Blumenthal calls for blocks on layoffs at two utility companies

By Nick Rees | Jan 25, 2010


HARTFORD, Conn. (Legal Newsline) - In formal written comments, Connecticut Attorney General Richard Blumenthal has urged the state Department of Public Utility Control to reverse its draft decision and block layoffs at two utility companies.

The layoffs at Connecticut Natural Gas and Southern Connecticut Gas Corporation, Blumenthal's written comments say, would potentially threaten service reliability and safety. It's an argument he also used when fighting layoffs at AT&T.

"This DPUC draft decision could literally be dead wrong - diminishing gas company workforce and endangering service reliability and safety," Blumenthal said.

"The DPUC should use its full authority to revise and rescind this preliminary decision, rather than gamble on safety and service this winter."

The DPUC refused to block the layoffs in a preliminary hearing, planning instead to require that monthly operations filings be submitted by the companies to allow the DPUC to monitor public service and safety.

Blumenthal commended the DPUC's intent to scrutinize the companies but noted that it must use its full authority to require that safe staffing levels are maintained at the companies.

CNG, Blumenthal said, plainly acknowledged in its request for a rate increase two months before the announcement of the layoffs, that further workforce reductions would compromise its quality of service and public safety.

"Reducing hours, imposing furloughs, cutting wages would at this point have an adverse impact on the company's quality of service and responsiveness and potentially the reliability of the system, and that's what the company is worried about," representatives of CNG said.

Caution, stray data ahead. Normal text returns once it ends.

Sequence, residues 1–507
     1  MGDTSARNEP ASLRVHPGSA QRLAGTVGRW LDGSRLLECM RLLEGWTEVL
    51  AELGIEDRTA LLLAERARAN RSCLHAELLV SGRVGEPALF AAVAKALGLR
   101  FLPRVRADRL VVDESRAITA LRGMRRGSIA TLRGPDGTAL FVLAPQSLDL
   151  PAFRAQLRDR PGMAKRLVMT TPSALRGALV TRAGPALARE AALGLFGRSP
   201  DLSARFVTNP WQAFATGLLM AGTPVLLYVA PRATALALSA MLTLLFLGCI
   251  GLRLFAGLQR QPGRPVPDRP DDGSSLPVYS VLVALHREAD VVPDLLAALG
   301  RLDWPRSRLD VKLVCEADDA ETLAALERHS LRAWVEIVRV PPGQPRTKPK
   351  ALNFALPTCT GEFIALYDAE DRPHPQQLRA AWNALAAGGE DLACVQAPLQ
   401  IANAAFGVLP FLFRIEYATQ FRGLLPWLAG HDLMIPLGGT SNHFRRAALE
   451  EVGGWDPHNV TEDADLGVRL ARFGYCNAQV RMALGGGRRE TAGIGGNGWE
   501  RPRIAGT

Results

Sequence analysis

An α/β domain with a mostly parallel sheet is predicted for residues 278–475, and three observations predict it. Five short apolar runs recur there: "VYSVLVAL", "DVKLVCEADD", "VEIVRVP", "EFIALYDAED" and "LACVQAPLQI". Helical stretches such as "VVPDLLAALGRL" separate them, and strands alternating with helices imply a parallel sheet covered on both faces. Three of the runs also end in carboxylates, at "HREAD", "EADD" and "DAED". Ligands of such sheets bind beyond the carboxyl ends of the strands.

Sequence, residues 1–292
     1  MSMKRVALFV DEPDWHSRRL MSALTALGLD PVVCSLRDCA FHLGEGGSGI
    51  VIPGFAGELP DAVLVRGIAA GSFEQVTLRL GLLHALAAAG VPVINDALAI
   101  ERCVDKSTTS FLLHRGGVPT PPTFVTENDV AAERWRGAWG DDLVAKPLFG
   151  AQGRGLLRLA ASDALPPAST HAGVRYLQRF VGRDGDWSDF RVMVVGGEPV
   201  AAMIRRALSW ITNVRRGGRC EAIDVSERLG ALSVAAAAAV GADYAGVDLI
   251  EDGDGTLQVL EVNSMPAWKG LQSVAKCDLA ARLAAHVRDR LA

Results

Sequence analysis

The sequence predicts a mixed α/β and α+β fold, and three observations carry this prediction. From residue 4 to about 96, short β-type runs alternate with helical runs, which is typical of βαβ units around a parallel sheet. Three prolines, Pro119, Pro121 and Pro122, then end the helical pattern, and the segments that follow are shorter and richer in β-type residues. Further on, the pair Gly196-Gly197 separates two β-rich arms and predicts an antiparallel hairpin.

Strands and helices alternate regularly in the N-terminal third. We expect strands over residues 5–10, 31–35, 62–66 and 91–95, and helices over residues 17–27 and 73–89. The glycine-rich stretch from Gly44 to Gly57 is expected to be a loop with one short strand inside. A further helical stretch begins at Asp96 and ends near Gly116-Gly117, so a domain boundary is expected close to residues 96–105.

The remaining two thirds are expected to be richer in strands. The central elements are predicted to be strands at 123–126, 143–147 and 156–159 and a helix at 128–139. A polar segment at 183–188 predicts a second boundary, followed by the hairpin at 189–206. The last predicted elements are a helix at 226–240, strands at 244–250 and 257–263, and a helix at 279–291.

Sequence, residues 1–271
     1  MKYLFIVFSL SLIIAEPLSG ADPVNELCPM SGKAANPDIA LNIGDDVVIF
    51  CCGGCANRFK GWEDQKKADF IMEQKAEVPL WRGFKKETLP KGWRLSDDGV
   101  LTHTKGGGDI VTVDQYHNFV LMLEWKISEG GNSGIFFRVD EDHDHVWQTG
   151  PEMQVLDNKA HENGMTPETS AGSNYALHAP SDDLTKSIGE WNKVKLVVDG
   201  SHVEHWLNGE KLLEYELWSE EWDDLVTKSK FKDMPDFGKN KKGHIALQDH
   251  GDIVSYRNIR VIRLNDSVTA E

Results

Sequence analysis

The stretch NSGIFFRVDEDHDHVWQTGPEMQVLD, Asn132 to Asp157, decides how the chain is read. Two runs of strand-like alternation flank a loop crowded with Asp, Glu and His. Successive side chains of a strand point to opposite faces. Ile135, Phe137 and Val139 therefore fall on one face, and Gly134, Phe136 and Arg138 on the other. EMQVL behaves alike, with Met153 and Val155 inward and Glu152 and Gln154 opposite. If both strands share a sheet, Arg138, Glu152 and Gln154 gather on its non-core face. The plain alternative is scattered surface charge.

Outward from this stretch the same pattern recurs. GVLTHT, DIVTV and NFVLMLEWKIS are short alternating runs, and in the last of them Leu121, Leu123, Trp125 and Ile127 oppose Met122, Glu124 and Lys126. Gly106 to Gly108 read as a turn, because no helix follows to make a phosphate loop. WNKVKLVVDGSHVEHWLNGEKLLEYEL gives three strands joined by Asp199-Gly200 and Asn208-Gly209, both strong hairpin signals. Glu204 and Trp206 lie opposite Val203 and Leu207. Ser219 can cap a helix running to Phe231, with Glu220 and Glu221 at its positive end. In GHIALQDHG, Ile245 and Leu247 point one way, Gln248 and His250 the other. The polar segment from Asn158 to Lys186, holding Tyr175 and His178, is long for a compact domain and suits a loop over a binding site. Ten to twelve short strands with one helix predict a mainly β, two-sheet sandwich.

Blumenthal, in calling for the DPUC to side with safety and reject the layoffs, said that either CNG was presenting honest testimony in support of their need to raise rates or that its presented honest testimony supporting workforce reductions.

"More than the financial devastation posed to gas company employees and their families is the danger of catastrophe from understaffed companies responding to gas leak emergencies," Blumenthal said.

"Gas company employees - technicians, dispatchers or others - are the first responders to gas leaks and other emergencies that pose significant public safety threats. A stable and sound workforce is imperative at CNG and Southern - and cannot be diminished, according to the companies' own statements."

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